Most Precious Gifts

by MerryK

“Being happy doesn't mean that everything is perfect. It means that you've decided to look beyond the imperfections.” —Anonymous

Faramir looked around his table with warmth and pride, and leaned over to whisper to Eowyn: “Is it not a lovely sight tonight?”

Eowyn, a little less poetic than her husband, took another look to see if she had missed something important.

Just across from her, on Faramir’s immediate left, sat Elboron, their eldest, pretending that the knife in his one hand was dueling with the spoon in his other hand.

Next to her elder brother was Theowyn, five years old, and just tall enough that her eyes showed above the table in a full sized chair. This fact, of course, made it so that she begged and pestered to be allowed to leave her “baby” seat. Even now she was looking enviously at her brother, and Eowyn felt that at any moment she would either poke him for no apparent reason, thus causing a tussle, or ask once again to have a big seat just like him.

At the end, in a very high chair, sat little Beren, a perfect nobleman’s son at only two years old. Perfect, that is, if it were not for the fact that he was using his fork to stab his chair in what he thought were interesting patterns.

And Turion, the new baby, was drooling resolutely on the sleeve of her gown and reaching for more mashed apples. Eowyn deduced that he still did not desire them to eat, but to continue his various projects with them: using them to test gravity, seeing if it was more fun drooling them on his mother’s clothes, putting them on his fingers to paint the table, using them as makeshift facial cream, or even mischiefs yet unimagined.

Then she looked back at Faramir, and caught the quiet humor in his eyes, and laughed softly. “Yes, very lovely.”

“Did you ever imagine it might one day be like this?” he asked.

“No,” she said fervently. “Not once.”

He laughed. “I did not mean the drool and mashed apple, of course, but the fact that we are together, in peace, in our own house, with a family; and the fact that our children do not have to worry that any moment their father might be called away to war.”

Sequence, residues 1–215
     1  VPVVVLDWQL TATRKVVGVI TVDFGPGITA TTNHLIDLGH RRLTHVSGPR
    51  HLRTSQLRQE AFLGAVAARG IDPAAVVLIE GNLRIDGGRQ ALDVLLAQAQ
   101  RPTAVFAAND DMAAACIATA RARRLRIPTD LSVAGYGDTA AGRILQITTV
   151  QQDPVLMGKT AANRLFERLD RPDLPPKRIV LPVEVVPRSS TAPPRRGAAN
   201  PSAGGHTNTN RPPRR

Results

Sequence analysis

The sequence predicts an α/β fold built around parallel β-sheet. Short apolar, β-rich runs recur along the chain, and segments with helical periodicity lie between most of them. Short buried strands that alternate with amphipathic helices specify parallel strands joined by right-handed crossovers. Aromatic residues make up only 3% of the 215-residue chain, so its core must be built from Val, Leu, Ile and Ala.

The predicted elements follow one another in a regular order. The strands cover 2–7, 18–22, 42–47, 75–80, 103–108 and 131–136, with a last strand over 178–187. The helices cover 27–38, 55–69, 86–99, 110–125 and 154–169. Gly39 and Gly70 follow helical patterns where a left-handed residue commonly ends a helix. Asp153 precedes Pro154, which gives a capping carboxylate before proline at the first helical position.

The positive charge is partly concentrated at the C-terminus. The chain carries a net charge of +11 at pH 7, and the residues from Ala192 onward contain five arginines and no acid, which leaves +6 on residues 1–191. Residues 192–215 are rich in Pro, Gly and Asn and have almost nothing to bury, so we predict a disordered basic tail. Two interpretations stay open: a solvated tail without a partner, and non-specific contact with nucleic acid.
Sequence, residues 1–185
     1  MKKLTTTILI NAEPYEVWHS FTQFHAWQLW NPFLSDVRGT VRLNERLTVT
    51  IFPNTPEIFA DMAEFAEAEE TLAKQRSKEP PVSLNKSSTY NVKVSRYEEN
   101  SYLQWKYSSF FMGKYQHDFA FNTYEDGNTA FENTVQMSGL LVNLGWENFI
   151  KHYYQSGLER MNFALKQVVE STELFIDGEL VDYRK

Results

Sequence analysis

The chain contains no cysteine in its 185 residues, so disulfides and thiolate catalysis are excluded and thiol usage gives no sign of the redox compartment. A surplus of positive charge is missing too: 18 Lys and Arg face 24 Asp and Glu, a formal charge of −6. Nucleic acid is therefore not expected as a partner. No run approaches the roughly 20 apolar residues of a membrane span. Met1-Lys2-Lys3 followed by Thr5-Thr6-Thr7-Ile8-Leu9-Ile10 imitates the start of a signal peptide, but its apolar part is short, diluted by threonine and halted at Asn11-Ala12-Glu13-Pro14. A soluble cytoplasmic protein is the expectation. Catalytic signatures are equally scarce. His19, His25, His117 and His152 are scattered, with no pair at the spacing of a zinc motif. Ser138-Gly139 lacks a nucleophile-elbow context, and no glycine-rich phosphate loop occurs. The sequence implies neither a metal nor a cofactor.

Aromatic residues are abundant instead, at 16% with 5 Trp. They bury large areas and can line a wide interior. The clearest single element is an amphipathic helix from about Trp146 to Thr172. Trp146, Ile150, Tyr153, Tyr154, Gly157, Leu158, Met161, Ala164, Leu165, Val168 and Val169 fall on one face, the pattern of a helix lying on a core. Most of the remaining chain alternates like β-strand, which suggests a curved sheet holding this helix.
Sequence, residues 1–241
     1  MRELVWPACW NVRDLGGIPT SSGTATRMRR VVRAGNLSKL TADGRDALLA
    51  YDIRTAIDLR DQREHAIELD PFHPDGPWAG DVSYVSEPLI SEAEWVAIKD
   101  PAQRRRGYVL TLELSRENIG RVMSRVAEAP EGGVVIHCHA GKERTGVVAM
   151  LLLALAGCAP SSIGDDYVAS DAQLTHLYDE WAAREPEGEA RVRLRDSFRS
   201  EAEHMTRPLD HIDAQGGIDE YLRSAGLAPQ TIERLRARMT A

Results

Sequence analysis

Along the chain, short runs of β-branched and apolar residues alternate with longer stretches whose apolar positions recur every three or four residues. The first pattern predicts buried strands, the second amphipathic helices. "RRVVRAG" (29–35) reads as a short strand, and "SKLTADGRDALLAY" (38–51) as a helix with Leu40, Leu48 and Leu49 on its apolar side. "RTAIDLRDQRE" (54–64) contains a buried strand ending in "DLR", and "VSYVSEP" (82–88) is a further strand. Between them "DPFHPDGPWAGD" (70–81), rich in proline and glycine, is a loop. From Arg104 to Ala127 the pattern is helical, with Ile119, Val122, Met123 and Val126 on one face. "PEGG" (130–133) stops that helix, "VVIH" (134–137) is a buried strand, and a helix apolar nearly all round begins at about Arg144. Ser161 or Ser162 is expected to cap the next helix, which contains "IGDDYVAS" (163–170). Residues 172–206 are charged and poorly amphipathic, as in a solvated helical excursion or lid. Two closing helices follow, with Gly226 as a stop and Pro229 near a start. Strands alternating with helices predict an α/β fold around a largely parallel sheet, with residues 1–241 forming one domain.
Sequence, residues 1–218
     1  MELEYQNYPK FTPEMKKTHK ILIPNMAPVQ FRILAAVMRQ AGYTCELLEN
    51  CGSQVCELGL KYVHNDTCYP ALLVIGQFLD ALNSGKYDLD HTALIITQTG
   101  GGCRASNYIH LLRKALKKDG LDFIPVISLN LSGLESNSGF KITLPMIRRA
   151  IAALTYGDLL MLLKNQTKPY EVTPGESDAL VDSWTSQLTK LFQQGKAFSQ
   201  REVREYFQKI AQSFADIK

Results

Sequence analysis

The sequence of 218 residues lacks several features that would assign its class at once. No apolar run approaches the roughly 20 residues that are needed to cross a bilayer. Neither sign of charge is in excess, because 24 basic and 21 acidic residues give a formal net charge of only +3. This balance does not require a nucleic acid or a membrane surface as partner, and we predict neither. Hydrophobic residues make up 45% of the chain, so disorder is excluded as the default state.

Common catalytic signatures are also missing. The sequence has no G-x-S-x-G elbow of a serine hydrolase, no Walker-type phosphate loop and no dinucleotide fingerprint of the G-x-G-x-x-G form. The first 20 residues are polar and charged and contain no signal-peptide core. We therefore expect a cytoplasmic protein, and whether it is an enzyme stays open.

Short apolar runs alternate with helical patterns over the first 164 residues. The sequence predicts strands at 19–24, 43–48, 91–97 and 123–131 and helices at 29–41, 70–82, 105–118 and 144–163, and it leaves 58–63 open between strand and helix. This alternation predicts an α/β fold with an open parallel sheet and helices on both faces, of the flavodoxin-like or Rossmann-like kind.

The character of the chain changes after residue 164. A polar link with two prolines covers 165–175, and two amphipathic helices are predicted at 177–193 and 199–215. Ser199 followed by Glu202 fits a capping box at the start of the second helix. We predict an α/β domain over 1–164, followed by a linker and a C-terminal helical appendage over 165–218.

Eowyn looked up into his eyes with a quiet appreciation. “I know,” she said, reaching for and squeezing his hand. “There are moments where I forget how lucky we are and how heartbroken I would be if I lost my wonderful, exasperating family. Inexplicably, though they drive me out of my mind during the day, every night I can do nothing but thank whatever power is ruling this world for the fact that they are able to cause trouble, not having to find comfort in each other’s arms for the loss of loved ones, as might easily have been.”

“I am glad,” said Faramir, and he leaned in closer to give her a kiss. “Because I think the same.”

“Ada! Not at the table!” cried Elboron.

“I will do what I like at my own table,” responded his father nobly. “You should remember that you are only here because your parents love each other, and be very grateful.”

“Yes, but not at the table,” muttered Elboron in response.

“Wonderful and exasperating, eh?” asked Faramir with amusement. “May I quote you on that, beloved?”

“With pleasure,” responded Eowyn lovingly. “And now, supper should begin.”

“What is supper, Mummy?” asked Theowyn.

“Honeyed ham,” answered her mother.

“But I hate honeyed ham!” said Theowyn in an adamant and disappointed manner. “I have never eaten it before!”

“How can you say that you hate it if you have never had it?” asked Eowyn.

“And Theowyn, there is no complaining about food,” put in Faramir warningly.

“But I do hate it,” she muttered. “It has icky fat on it.”

The servants came in, bearing great silver platters with sliced ham, which they laid before Faramir. Theowyn looked up from where she had been fiddling with her napkin, and exclaimed:

”Oh! Honeyed ham! I remember this; I have eaten it. This is my favorite food in the whole world!”

Eowyn did not sigh, nor did she roll her eyes, nor did she say “See what I told you?” She looked at Faramir, and he looked back at her, and then they laughed together.

Oh yes, domestic life at Emyn Arnen could never be called boring, and Eowyn would not change it for the thrones of Gondor and Arnor. Well, perhaps she could do without the drool...and the misuse of silverware...and the moodiness...and mismatched stockings—but those would pass with time and discipline and she could deal with them, knowing that beneath all the irritations of daily life was her family and her home, the most precious gifts that life could offer. And she would never let herself forget it.

The End